The fight for Yosemite

The battle between preservation and public access takes center stage at Yosemite.

As commercialization reached a peak this past November at Yosemite National Park due to a $60 million construction project, environmentalists are fervently fighting to stop the project to preserve the natural state of the park. The campaign to preserve Merced River, the site of the construction project, has ignited a heavily publicized court battle over the future of development in Yosemite National Park’s most popular stretch. The debate centers over how to balance preservation with access to public lands. As long as all further commercialization ceases, there is no reason national parks should not be open to the public.

The park’s current plans for commercialization are damaging Yosemite for future generations. These development plans would draw in greater numbers of visitors, thus threatening the Merced’s fragile ecosystem. But it is the crowds themselves that are threatening the waterways and the very preservation of Yosemite. The prohibition of construction projects of such great magnitude will allow the continued use and enjoyment of national parks with the least destruction. Furthermore, the costs of park upgrades would be passed on to visitors in the form of price hikes for hotel rooms and campsites, turning Yosemite into a playground for the rich.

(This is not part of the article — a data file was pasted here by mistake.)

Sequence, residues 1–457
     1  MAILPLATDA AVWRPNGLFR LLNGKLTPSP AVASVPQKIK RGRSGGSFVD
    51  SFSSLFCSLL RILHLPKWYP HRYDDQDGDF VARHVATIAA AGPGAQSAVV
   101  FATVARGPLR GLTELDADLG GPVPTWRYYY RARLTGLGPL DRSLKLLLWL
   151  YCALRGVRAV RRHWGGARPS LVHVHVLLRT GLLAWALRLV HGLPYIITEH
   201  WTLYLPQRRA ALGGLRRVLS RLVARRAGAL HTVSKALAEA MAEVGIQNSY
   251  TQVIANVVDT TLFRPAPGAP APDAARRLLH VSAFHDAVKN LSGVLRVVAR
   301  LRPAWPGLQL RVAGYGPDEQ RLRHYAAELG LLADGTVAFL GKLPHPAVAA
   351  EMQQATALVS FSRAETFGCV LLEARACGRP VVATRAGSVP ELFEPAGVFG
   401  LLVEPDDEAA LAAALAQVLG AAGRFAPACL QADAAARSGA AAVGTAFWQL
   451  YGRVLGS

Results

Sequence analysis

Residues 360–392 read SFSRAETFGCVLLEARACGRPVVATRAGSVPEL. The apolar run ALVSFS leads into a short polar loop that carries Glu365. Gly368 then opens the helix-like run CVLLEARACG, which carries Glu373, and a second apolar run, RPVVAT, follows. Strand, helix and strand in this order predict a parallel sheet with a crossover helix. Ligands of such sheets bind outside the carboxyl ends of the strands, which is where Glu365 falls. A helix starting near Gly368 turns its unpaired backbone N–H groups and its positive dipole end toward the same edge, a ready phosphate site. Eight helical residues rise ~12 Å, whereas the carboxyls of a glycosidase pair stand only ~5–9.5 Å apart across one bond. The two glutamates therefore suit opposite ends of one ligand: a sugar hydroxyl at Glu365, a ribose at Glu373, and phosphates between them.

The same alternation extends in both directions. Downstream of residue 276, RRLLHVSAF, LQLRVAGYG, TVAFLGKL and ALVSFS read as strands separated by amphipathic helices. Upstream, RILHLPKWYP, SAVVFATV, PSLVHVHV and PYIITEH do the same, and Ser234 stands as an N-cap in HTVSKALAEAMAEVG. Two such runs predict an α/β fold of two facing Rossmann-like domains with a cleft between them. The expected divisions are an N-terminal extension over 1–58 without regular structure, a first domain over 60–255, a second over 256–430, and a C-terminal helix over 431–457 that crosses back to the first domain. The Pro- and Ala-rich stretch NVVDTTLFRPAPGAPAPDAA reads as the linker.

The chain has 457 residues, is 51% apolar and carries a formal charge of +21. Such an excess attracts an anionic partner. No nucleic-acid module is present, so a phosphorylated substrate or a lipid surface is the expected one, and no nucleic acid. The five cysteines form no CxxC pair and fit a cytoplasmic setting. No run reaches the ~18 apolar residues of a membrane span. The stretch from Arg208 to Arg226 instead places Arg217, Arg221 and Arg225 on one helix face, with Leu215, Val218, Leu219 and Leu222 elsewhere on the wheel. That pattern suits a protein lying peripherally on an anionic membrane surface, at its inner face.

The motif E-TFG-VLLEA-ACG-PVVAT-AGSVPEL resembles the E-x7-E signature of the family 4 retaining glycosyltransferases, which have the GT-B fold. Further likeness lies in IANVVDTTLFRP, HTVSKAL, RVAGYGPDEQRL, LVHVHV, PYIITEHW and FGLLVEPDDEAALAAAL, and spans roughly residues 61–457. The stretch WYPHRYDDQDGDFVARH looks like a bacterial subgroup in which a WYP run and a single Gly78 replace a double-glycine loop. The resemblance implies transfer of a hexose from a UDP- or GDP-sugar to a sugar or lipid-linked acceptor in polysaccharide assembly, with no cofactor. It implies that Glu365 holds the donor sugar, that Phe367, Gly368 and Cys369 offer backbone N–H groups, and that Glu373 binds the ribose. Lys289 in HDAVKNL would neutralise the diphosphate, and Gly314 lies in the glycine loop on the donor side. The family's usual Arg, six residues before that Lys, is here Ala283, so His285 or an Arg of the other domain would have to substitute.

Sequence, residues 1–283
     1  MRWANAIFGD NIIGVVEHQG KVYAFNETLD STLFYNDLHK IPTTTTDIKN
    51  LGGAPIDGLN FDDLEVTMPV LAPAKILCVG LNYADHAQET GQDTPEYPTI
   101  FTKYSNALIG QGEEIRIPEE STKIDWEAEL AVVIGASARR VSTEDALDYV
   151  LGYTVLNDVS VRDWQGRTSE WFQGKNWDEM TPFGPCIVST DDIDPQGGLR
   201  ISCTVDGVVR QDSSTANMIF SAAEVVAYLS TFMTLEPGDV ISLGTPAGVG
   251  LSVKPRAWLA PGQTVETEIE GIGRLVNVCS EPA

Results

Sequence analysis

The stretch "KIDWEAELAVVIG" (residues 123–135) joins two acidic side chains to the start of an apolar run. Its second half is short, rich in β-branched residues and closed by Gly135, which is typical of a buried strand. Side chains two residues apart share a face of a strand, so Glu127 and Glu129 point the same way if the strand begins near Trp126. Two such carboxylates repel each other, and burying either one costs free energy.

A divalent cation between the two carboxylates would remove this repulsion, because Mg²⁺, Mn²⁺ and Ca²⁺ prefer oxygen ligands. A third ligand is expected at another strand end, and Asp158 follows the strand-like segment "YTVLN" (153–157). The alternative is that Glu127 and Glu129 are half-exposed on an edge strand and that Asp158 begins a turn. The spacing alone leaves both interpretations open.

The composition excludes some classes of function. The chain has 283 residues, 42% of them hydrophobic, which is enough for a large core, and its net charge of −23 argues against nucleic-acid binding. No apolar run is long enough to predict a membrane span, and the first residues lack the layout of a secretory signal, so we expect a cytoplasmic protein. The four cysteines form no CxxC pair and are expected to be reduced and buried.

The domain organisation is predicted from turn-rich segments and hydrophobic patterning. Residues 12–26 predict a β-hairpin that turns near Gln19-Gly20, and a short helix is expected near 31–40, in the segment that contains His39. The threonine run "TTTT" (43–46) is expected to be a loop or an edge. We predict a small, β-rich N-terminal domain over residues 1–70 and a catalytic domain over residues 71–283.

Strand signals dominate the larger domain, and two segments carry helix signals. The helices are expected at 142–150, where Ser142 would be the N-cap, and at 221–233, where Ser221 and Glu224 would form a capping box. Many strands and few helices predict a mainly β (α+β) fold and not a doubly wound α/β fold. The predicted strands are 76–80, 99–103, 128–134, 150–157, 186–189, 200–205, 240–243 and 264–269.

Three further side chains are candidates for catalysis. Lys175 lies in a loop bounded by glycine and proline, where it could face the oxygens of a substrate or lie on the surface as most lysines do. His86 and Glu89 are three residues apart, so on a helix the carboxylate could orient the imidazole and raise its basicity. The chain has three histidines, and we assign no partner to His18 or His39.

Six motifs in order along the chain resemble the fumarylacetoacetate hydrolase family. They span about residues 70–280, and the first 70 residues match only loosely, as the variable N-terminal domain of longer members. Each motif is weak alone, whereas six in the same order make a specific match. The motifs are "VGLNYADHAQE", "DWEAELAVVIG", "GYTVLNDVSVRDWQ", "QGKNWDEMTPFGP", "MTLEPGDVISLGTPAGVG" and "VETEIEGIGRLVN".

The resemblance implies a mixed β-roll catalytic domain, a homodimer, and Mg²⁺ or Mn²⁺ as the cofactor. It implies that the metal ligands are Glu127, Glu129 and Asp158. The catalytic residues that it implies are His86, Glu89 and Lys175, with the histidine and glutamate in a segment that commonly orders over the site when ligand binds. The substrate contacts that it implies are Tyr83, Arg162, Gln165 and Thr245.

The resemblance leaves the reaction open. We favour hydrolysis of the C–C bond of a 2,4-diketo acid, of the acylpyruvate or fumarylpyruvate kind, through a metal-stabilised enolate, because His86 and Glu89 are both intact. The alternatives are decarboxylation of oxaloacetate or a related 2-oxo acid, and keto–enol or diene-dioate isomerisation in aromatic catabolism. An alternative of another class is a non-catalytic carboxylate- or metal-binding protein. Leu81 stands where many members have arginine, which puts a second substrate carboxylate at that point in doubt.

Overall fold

Even among environmentalists, however, there is heavy discussion over the best way to minimize the human footprint. Some believe that cars, for example, should be kept out entirely, while others say visitors should have to make reservations in advance.

The court’s ruling will not only affect Yosemite National Park, but have tremendous implications for other parks and the public who enjoys them. The ruling could force the National Park Service to not only limit the number of people allowed into Yosemite each day, but all national parks across the country.

Given the dual intrinsic and economic value of national parks, the battle between conservation and public access will likely continue. Although we will never be able to completely eliminate the detrimental human impact on national parks, by stopping economically driven projects we can secure the future of these natural gems.